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This Popular Starbucks Drink Was Just Recalled in Several States

It may be contaminated by foreign material that can cause serious injury.

Six months after recalling more than 250,000 cases of its Double Shot Espresso drinks due to "inadequate sealing," Starbucks is pulling another beverage from grocery store shelves.

On September 9, Food Safety News reported that PepsiCo Inc.—the company that makes and distributes ready-to-drink Starbucks products—has recalled 221 cases of Starbucks' Vanilla Espresso Triple Shot drinks because they may be contaminated with metal fragments.

RELATED: 9 Biggest Food Recalls To Know About Right Now

The recall applies to 15-ounce bottles of the beverage, which were packaged in cases of 12 bottles. The coffee drinks were sold in Arizona, Arkansas, Florida, Illinois, Oklahoma, and Texas, but the stores that carried the products have not been specified.

While the UPC number and expiration date have also not been provided, the company urges consumers who still have these beverages to return them to their place of purchase. "Foodborne foreign objects that are hard and sharp are likely to cause serious injury or dental injury," the website's announcement reads.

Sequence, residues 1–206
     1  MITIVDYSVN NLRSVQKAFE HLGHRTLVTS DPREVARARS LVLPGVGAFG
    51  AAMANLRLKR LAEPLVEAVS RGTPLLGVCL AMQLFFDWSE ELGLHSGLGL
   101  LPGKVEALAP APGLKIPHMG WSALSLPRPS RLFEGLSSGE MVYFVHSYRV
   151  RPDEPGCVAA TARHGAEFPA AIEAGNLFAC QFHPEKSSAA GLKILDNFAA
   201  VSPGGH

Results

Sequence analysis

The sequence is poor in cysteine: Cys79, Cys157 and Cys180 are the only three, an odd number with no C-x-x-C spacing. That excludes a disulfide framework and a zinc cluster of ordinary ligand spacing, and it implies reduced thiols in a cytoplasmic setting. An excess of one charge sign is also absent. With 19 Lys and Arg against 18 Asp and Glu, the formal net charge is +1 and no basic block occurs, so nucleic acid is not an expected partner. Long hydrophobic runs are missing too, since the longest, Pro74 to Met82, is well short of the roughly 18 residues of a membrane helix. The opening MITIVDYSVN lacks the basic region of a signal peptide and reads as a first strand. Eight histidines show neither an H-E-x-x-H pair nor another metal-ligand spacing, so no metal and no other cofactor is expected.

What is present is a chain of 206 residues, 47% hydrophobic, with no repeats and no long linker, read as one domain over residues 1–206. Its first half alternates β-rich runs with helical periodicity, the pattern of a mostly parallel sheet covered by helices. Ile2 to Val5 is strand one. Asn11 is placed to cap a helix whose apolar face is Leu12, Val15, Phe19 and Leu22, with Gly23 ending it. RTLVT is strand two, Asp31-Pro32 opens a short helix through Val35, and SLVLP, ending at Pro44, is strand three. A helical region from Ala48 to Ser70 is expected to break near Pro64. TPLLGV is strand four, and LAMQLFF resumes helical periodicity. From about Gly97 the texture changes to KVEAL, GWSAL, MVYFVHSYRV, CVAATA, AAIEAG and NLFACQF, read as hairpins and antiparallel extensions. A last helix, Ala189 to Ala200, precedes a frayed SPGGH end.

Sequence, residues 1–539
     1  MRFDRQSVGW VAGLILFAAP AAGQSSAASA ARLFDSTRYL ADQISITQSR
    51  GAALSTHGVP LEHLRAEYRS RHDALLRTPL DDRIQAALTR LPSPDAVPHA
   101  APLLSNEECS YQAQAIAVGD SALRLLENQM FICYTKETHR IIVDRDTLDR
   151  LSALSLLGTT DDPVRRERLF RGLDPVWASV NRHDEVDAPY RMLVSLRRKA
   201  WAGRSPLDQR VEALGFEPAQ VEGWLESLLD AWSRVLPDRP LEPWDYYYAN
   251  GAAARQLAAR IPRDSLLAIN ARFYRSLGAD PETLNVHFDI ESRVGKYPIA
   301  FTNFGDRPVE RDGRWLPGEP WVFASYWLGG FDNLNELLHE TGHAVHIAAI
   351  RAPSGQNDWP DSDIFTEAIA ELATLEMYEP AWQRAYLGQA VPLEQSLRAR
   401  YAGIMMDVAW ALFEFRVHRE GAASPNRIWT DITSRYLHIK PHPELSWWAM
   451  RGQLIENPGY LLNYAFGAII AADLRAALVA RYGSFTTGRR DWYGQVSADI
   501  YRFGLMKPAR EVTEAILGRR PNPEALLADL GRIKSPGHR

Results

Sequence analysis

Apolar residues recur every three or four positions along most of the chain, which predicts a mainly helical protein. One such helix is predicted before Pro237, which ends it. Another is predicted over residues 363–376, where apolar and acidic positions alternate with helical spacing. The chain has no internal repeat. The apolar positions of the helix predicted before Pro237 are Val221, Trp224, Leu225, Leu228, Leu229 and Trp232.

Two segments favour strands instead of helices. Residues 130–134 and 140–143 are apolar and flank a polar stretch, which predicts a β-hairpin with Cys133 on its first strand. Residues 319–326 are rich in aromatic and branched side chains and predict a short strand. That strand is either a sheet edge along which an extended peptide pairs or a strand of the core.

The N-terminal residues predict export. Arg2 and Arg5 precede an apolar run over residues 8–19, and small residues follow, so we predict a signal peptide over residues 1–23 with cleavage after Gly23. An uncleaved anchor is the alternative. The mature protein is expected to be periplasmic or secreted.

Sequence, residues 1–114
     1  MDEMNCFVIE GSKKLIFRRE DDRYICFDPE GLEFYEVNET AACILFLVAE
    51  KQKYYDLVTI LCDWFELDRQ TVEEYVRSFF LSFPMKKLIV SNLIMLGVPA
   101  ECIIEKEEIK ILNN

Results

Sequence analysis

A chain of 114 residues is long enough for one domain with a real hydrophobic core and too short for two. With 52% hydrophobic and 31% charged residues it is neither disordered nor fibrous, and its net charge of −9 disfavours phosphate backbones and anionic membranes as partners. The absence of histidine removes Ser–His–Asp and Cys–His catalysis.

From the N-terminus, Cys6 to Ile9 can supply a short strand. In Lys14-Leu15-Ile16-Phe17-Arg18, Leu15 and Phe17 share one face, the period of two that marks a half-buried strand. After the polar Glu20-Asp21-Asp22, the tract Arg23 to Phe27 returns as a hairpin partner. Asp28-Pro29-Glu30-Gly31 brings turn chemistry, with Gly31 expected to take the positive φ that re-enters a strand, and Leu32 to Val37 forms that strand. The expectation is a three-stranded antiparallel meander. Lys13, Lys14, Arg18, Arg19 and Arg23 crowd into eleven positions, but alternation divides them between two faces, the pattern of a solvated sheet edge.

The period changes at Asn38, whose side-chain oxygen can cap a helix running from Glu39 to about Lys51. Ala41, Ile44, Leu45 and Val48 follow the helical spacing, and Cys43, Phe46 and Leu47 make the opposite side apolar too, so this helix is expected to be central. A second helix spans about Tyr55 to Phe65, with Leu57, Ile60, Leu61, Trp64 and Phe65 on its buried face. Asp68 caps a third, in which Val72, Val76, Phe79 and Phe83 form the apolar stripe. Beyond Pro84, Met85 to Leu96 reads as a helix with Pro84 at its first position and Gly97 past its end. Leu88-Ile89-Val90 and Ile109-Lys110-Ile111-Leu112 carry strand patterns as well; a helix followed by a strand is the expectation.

starbucks french vanilla triple shot energy drink
Courtesy of Starbucks

This recall, which was first initiated on August 15, was posted by the Food and Drug Administration (FDA) in an enforcement report on September 8. However, the agency has not issued a press release for the recall.

The Vanilla Espresso Triple Shot drinks aren't the only Starbucks products that have been removed from sale this summer. In June, the coffee giant issued a voluntary "stop sell" on its new Chicken, Maple Butter & Egg Sandwich because it didn't "meet quality standards." The sandwich was sold in Starbucks locations nationwide.

The decision to get rid of the new sandwich just five days after its launch followed several complaints from customers and employees who reported symptoms of food poisoning after eating it. However, the coffee chain issued a statement that said, "The quality issue that was identified by Starbucks would not lead to foodborne illness and any reports linking the stop sale to illness are inaccurate."

Brianna Ruback
Brianna is the Editorial Assistant at Eat This, Not That! She attended Ithaca College, where she graduated with a degree in Journalism and a minor in Communication Studies. Read more about Brianna